Possibly, this music has it's beauty, especially if you like European singing poetry. Not too complex, and hardly progressive at all, this is nice example of such genre, popular around Europe and represented by hundred minstrels from different countries. Even more - this album obviously has its Italian signature - more polished sound, plenty of baroque elements, dramatic bombastic emotive atmosphere, usual for Italian music melodies.

The main question for me is how could such music be connected with RPI phenomena from seventies? I tried hard , but besides of some same names I didn't find that connection at all.

Possibly, I am wrong person for such music - I don't like over emotive sweetie singing, romance guitars, dramatic looks and pop-music, wearing intellectual clothes. But it's just me.

My rating - 2,5, rounded to 3.

Review by andrea
5 stars In 2008 Raccomandata con Ricevuta di Ritorno, one of the many one shot bands of the Italian progressive scene of the early seventies, came to life again on the initiative of singer and guitarist Luciano Regoli and in 2010 they released a new album on the independent label BTF, "Il pittore volante" (The flying painter). Along with Luciano Regoli the line up on this work features the veterans Roberto Gardin (bass, guitar), Nanni Civitenga (bass, guitar, keyboards), Walter Martino (drums) and some prestigious guest musicians like Claudio Simonetti, Fabio Pignatelli, Lino Vairetti, Nicola Di Staso, Maurizio Pariotti and Carl Verheyen just to name a few. Anyway "Il pittore volante" is mainly the brainchild of Luciano Regoli who wrote music and lyrics and conceived it as a concept album inspired by a book with the same title, a kind of travelogue that he wrote and published some years ago and that he dedicated to the late Iginio Gonni, a painter and a friend, dead in 2003. The basic idea was that of an old painter who flies and look at his life from above. On the booklet you can find not only the lyrics but also a picture for every piece painted by Luciano Regoli himself. As for the music, the overall sound is not stuck in the seventies and on this work you can perceive even metal influences along with a more typical Italian progressive style. Well, during the nineties Luciano Regoli had been a member of the prog metal band DGM and he don't disown this experience...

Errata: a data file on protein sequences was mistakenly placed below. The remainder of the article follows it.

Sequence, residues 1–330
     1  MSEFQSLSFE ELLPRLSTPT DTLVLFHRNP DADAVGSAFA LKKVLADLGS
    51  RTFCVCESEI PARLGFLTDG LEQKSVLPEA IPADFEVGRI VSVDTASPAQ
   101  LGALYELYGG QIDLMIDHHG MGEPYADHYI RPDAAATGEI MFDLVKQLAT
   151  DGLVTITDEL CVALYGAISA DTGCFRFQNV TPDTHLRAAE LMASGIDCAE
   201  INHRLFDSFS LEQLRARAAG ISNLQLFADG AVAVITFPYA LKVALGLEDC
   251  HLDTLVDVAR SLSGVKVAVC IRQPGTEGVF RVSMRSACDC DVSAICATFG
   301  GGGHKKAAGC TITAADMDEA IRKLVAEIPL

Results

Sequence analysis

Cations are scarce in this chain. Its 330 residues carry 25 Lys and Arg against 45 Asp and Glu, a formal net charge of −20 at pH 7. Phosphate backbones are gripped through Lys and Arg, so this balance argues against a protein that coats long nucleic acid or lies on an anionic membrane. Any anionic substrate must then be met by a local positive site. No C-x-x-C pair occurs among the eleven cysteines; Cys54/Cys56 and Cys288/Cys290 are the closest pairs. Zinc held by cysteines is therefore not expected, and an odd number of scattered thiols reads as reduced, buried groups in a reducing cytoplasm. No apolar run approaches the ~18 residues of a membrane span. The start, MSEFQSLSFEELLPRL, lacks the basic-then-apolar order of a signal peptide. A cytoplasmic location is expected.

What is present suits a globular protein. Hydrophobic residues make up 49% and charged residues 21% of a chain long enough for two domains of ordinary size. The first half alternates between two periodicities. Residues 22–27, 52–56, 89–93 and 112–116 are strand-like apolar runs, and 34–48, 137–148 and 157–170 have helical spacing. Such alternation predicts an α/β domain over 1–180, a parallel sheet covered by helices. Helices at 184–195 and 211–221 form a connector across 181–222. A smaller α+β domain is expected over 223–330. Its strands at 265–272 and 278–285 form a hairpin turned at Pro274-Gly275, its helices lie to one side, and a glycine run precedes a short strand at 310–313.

The opener "Il cambiamento" (The changing) tells of a spiritual metamorphosis. It starts softly with a mystical atmosphere, then hard guitar riffs and harmonica introduce the changing... "It happened in those days / Something revolted inside me / Fast as a blizzard... Alone in that room I fell asleep / Dark dreams / Alone in that room I woke up in discomfort... Ah! I was changing and I didn't want it / But I was coming to life again / Yes! I was coming to life again...".

"Il vecchio" (The old man) begins with a piano solo introduction. It's a tense and melancholic track depicting the meeting with an old friend who has just had a stroke... "They had cut off his hair / That old madman was trudging up the hill / Marked by the paralysis that had darkened his mind, his limbs, his fingers / I remember him just a few months before / Enormous, disdainful, with a magnificent beard...They had cut off his hair".

"Il fuoco" (The fire) features a duet with sweet and dreamy female vocals and an ethereal and suggestive nocturnal atmosphere. Lyrics and music depict fire as a metaphor of fear in front of a natural impending event, a fire burning false fairy tales, pains, fears, desires and thoughts... "The night was over there, in front of me / Some rocks were burning / Above me gentle wings were flying away / They were flying high, they moved the air with a deaf noise / So I followed them, with the light behind my shoulders / Towards dark clouds...".